I’m a fundamental analyst. That means it all boils down to the numbers.
That’s why I love earnings season. Instead of the market focusing on irrational speculation, we get real information that can allow us to determine fair valuations.
This year, the speculation on the long side has essentially disappeared. The narrative has been entirely about a pending end to the bull market and a potential correction or even worse.
Where oh where did the glass-half-full investors go?
They are being overwhelmed by the naysayers, but that can change in a heartbeat. All it takes are stronger-than-expected numbers. A good earnings report is all it takes to eliminate the doubt.
The expectations for first-quarter earnings are not that high. In fact, earnings for the S&P 500 are poised to fall on a year-over-year basis.
And this is the environment that has the Federal Reserve on the verge of ending its bond-buying program? Something doesn’t jive.
The central bank is eliminating qualitative easing because it sees a strong and growing-stronger economy. A stronger economy equates to stronger earnings.
Thus far we really are not seeing that strength in earnings. Aside from stock buybacks, expense reductions and other ways companies can gin the numbers, the proof must now come in the pudding.
There is much riding on this quarter’s earnings season. If the numbers are poor, we could see a real problem in the market.
If they are strong, as I expect, we may finally break out of this tight trading range. All market participants and observers are on pins and needles for sure, waiting for the results.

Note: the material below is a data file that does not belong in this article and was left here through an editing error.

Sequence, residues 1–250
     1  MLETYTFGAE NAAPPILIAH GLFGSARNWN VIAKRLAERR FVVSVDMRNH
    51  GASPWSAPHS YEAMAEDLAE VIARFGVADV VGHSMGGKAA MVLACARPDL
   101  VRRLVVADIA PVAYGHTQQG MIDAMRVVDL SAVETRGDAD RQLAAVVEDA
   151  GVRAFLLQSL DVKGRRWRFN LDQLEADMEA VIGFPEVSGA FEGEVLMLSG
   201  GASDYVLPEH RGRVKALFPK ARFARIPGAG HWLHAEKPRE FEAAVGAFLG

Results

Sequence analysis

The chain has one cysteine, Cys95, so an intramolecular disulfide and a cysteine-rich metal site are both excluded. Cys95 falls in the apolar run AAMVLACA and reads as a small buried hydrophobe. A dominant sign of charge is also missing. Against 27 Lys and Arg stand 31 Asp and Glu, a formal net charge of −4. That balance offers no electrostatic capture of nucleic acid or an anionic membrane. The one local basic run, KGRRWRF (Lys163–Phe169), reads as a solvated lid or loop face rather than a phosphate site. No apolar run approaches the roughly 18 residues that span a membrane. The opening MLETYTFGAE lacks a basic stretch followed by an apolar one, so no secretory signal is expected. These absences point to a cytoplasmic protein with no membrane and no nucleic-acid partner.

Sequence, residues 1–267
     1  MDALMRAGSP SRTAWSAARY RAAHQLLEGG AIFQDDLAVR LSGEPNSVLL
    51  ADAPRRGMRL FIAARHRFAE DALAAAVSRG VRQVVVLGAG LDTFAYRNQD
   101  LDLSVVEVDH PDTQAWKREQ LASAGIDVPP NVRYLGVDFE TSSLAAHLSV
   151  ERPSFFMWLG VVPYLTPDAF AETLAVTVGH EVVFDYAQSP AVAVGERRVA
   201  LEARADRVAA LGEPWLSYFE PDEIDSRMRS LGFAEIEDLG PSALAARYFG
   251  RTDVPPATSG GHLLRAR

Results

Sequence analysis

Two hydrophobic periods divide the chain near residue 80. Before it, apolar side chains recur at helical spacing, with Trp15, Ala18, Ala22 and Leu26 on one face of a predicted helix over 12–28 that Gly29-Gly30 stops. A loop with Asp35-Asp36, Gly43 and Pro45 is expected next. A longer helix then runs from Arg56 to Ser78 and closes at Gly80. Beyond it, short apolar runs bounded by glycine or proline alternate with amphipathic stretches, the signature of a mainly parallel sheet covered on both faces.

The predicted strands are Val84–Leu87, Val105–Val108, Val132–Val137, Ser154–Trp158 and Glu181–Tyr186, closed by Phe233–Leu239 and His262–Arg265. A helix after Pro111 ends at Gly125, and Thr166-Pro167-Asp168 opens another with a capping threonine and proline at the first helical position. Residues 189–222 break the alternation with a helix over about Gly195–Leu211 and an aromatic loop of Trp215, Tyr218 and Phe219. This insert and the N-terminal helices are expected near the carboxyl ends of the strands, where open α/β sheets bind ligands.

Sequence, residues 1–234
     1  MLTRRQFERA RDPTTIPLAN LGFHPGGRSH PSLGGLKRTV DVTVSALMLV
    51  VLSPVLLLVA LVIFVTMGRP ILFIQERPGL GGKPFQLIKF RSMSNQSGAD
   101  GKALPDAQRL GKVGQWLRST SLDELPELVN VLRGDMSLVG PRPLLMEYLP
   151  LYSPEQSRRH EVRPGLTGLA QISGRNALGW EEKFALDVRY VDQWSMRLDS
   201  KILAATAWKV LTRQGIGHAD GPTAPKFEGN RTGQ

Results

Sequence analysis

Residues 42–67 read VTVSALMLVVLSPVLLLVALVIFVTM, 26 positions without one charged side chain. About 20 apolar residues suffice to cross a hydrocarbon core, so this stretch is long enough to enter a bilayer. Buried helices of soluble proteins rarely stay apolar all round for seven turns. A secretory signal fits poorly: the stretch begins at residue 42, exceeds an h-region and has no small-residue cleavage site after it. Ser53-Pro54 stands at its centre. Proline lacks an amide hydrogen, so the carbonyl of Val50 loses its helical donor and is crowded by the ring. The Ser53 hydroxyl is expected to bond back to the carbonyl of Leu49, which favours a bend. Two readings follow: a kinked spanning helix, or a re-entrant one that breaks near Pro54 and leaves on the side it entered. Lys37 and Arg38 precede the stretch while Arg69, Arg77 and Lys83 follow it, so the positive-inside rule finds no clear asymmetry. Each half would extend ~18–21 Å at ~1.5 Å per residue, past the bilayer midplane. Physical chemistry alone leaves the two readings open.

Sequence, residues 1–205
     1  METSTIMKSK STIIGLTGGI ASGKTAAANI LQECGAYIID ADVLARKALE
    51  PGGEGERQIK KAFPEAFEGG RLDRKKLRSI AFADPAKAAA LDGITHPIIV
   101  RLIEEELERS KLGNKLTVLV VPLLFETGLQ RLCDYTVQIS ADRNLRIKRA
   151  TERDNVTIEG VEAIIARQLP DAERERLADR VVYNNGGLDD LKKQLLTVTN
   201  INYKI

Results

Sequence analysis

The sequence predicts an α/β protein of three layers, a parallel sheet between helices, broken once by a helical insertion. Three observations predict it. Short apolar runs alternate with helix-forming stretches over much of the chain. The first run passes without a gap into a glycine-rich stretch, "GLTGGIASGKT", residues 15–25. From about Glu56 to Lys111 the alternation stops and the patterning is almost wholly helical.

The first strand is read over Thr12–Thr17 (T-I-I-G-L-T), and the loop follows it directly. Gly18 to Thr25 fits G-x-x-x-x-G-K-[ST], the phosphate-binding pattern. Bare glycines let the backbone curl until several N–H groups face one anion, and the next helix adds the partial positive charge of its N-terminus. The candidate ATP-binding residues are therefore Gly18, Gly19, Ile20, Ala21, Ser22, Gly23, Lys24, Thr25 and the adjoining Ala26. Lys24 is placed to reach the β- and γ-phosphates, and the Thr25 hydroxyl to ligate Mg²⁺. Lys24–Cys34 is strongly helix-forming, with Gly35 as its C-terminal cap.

Here are three specific elements I would like to see emerge this earnings season — in support of higher stock prices this year:
Revenues that beat estimates
In that vein, the numbers in the last two quarters have not been that great. Company after company seemed to miss on the revenue expectations. That’s not a healthy state of things.
Sure, you can manage earnings, but if you are missing sales estimates, that says much about the real operations of a company. While there can be some manipulation with respect to revenues, a sale is just a sale. There are no gimmicks. What I am looking for then this year is more and more companies meeting or beating estimates on the top line. To the extent we see an acceleration of sales, we are likely to see an reacceleration of the bull market.
Strong guidance and corporate enthusiasm
What is more important in some cases is what the company says about the future. How many times does a company beat earnings estimates only to then disappoint when it comes to guidance? It happens far too often and when it does happen a stock usually suffers big time.
It’s been some time since guidance blew away investors. If the economy is as strong as the Federal Reserve seems to think it is, guidance should be quite good this quarter.
On the flip side, some companies will use the earnings reporting season to dampen enthusiasms that may have run amok. In some ways, that is a manipulation that sets the stage for earnings beats down the road.
This quarter I just want to see corporate enthusiasms run amok and guidance be strong.
Emerging market impact
Aside from challenges with the weather during the first quarter, did multinational companies see weakness in results due to troubles overseas? We know that many overseas markets are getting slammed by investors, but is that the same with corporations with operations overseas? We are about to find out.
To the extent companies managed this hurdle, results are likely to be much better than current expectations. If you like surprises, this is one that has the potential to surprise, up or down. If companies stumbled because of overseas weakness, perhaps we could see some selling in U.S. markets as a result.
We seem to be at a crossroads this earnings season. How it all plays out will determine the future path for stocks for the remainder of the year.
It promises to be an exciting season. Fasten your seatbelts!